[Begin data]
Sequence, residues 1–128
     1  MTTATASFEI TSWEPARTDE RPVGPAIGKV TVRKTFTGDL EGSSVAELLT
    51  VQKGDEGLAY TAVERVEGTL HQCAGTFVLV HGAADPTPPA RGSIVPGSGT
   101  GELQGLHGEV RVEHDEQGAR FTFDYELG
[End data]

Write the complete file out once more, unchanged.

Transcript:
Sequence, residues 1–128
     1  MTTATASFEI TSWEPARTDE RPVGPAIGKV TVRKTFTGDL EGSSVAELLT
    51  VQKGDEGLAY TAVERVEGTL HQCAGTFVLV HGAADPTPPA RGSIVPGSGT
   101  GELQGLHGEV RVEHDEQGAR FTFDYELG